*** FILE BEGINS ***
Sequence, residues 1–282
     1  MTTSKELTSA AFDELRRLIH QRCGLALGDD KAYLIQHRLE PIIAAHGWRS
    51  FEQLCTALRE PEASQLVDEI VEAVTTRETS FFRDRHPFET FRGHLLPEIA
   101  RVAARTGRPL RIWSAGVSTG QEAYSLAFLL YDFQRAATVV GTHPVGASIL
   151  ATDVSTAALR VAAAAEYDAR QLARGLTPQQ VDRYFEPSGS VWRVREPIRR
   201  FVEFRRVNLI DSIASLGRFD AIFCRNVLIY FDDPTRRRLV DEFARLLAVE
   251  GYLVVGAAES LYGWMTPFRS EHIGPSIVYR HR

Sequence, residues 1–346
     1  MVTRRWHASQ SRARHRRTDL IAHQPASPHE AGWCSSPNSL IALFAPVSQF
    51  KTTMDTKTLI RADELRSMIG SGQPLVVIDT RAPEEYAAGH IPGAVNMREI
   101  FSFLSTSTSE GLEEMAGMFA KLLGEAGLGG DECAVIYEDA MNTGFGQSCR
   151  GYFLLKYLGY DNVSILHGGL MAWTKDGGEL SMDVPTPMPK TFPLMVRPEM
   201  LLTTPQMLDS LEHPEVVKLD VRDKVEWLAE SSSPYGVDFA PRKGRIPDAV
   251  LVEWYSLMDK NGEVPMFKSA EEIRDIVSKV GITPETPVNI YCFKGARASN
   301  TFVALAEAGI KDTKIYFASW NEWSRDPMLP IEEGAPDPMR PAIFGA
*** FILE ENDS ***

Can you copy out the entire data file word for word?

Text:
Sequence, residues 1–282
     1  MTTSKELTSA AFDELRRLIH QRCGLALGDD KAYLIQHRLE PIIAAHGWRS
    51  FEQLCTALRE PEASQLVDEI VEAVTTRETS FFRDRHPFET FRGHLLPEIA
   101  RVAARTGRPL RIWSAGVSTG QEAYSLAFLL YDFQRAATVV GTHPVGASIL
   151  ATDVSTAALR VAAAAEYDAR QLARGLTPQQ VDRYFEPSGS VWRVREPIRR
   201  FVEFRRVNLI DSIASLGRFD AIFCRNVLIY FDDPTRRRLV DEFARLLAVE
   251  GYLVVGAAES LYGWMTPFRS EHIGPSIVYR HR

Sequence, residues 1–346
     1  MVTRRWHASQ SRARHRRTDL IAHQPASPHE AGWCSSPNSL IALFAPVSQF
    51  KTTMDTKTLI RADELRSMIG SGQPLVVIDT RAPEEYAAGH IPGAVNMREI
   101  FSFLSTSTSE GLEEMAGMFA KLLGEAGLGG DECAVIYEDA MNTGFGQSCR
   151  GYFLLKYLGY DNVSILHGGL MAWTKDGGEL SMDVPTPMPK TFPLMVRPEM
   201  LLTTPQMLDS LEHPEVVKLD VRDKVEWLAE SSSPYGVDFA PRKGRIPDAV
   251  LVEWYSLMDK NGEVPMFKSA EEIRDIVSKV GITPETPVNI YCFKGARASN
   301  TFVALAEAGI KDTKIYFASW NEWSRDPMLP IEEGAPDPMR PAIFGA